Associate Justice David Souter of the United States Supreme Court announced his retirement from that country’s highest judicial office last week. Souter retires after a 18-year term on the top bench, and at times like these it seems appropriate to consider the impact of a career in one of the most important judiciaries in the world by examining some of his major decisions.
One of his earliest major decisions was Planned Parenthood v. Casey, 505 U.S. 833 (1992), wherein Souter (along with Sandra Day O’Connor and Anthony Kennedy in a plurality opinion) declined to overturn Roe v. Wade, 410 U.S. 113 (1973), but in doing so allowed several conditional access rules for obtaining an abortion to stand – including a 24 hour waiting period, parental consent requirements for minors, and required disclosure about the potential health risks of obtaining an abortion. However, a spousal notification requirement was overruled on the basis that it could potentially enable abusive husbands. (How spousal notification differs from parental consent where an abusive figure is in the household was never adequately explained in the decision.) The plurality also found that the state had an interest in the life of the fetus once the fetus reached viability, which was a major blow to abortion rights activists in the United States.
Over time, though, Justice Souter began demonstrating a distinct civil libertarian streak in his decisions. Justice Souter dissented in Zelman v. Simmons-Harris, 536 U.S. 639 (2002), wherein the Supreme Court found that government-funded school voucher programs did not violate the Establishment Clause requiring the separation of church and state. Souter argued that the majority decision was incorrect because it misapplied the concept of “choice” and considered public funding for public schools to be equivalent to public funding for religious schools.
In Virginia v. Black et al., 538 U.S. 343 (2003), Justice Souter ruled that the burning of a cross by white supremacist groups, in and of itself, could satisfy the demands of being considered “content” for the purpose of First Amendment protections:
To understand how the provision may work, recall that the symbolic act of burning a cross, without more, is consistent with both intent to intimidate and intent to make an ideological statement free of any aim to threaten… [o]ne can tell the intimidating instance from the wholly ideological one only by reference to some further circumstance. In the real world, of course, and in real-world prosecutions, there will always be further circumstances, and the factfinder will always learn something more than the isolated fact of cross burning. Sometimes those circumstances will show an intent to intimidate, but sometimes they will be at least equivocal, as in cases where a white supremacist group burns a cross at an initiation ceremony or political rally visible to the public.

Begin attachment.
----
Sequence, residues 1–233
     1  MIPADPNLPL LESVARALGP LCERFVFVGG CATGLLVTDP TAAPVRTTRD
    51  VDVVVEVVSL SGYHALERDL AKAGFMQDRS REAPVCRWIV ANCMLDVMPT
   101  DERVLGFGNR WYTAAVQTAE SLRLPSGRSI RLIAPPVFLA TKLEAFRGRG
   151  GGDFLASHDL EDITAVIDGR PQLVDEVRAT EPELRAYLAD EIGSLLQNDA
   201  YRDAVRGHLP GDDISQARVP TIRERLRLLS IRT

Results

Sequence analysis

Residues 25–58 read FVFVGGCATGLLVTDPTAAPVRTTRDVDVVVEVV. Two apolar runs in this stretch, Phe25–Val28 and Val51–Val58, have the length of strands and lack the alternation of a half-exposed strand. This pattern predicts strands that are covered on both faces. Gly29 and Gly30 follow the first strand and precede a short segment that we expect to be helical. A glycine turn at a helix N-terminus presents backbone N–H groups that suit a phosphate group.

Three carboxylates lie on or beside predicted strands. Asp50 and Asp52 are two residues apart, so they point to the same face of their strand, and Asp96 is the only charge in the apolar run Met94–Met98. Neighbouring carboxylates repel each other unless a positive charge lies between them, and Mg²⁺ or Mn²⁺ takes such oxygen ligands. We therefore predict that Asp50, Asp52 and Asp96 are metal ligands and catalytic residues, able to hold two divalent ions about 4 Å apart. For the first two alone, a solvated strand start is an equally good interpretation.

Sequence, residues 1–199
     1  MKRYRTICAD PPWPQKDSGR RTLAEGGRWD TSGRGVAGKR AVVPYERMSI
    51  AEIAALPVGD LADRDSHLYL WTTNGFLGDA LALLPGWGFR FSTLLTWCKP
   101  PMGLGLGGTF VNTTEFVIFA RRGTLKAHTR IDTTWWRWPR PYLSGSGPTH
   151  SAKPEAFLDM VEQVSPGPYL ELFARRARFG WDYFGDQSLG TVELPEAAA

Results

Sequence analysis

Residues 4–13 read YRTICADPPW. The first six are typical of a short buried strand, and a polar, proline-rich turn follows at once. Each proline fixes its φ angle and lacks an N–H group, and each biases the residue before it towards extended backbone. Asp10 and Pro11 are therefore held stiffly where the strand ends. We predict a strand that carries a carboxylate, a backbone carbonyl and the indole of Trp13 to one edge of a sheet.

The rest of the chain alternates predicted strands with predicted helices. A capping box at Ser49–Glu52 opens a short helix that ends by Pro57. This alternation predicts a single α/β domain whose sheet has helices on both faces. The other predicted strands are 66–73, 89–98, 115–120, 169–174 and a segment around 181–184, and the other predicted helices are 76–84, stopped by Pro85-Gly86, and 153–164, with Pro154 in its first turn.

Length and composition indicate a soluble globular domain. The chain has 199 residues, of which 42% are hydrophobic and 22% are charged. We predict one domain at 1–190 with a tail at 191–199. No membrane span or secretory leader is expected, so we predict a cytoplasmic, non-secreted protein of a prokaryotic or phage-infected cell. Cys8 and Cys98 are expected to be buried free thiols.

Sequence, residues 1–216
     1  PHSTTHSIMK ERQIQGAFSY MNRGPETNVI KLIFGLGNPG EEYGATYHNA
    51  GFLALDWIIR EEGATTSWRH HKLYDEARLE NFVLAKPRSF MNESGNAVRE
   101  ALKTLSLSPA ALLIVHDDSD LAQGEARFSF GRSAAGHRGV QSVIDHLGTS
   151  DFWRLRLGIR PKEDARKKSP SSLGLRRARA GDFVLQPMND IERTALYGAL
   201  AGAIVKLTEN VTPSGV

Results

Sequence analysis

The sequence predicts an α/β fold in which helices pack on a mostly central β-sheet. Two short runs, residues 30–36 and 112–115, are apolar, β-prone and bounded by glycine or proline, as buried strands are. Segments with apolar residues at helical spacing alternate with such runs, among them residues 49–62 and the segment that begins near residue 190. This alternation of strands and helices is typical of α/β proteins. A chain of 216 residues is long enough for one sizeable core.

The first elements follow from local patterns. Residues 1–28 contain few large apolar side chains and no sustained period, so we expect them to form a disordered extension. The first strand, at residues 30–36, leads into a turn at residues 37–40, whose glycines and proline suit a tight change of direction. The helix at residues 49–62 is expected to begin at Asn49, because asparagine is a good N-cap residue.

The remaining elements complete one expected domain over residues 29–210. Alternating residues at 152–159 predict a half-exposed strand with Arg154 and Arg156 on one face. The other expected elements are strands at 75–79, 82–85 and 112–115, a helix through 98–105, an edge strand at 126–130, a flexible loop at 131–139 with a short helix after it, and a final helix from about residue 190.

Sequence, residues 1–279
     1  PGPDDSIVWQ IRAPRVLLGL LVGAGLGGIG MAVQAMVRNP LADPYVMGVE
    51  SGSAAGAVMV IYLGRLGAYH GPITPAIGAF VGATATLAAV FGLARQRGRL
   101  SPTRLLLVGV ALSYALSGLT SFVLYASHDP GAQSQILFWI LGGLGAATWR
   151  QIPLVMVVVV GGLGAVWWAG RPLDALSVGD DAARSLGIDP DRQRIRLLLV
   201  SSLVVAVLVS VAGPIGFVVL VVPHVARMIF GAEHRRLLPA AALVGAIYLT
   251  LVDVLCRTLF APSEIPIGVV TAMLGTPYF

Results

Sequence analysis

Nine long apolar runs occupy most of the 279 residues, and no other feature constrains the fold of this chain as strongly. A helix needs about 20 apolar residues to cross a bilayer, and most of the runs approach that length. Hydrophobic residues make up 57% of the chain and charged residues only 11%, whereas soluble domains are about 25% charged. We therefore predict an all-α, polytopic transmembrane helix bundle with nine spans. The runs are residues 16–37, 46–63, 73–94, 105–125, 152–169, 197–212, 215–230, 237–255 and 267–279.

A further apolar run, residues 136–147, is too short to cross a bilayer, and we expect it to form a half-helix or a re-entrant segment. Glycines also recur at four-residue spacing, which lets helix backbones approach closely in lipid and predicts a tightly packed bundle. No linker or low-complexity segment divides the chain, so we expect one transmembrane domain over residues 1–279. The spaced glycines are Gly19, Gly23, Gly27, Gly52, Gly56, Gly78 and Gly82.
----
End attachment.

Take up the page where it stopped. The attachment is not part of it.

Most recently, in Boumediene v. Bush, 553 U.S. (2008), Justice Souter wrote a concurring opinion in solidarity with Justice Kennedy’s majority decision upholding the habeas corpus rights of enemy combatant detainees at Guantanamo Bay. Souter’s opinion lent rhetorical weight to Kennedy’s scholarly history of habeas corpus law:
A second fact insufficiently appreciated by the dissents is the length of the disputed imprisonments, some of the prisoners represented here today having been locked up for six years, ante, at 66 (opinion of the Court). Hence the hollow ring when the dissenters suggest that the Court is somehow precipitating the judiciary into reviewing claims that the military (subject to appeal to the Court of Appeals for the District of Columbia Circuit) could handle within some reasonable period of time…
It is in fact the very lapse of four years from the time Rasul put everyone on notice that habeas process was available to Guantanamo prisoners, and the lapse of six years since some of these prisoners were captured and incarcerated, that stand at odds with the repeated suggestions of the dissenters that these cases should be seen as a judicial victory in a contest for power between the Court and the political branches.
Justice Souter leaves the Supreme Court with an impressive track record. His successor will have big shoes to fill.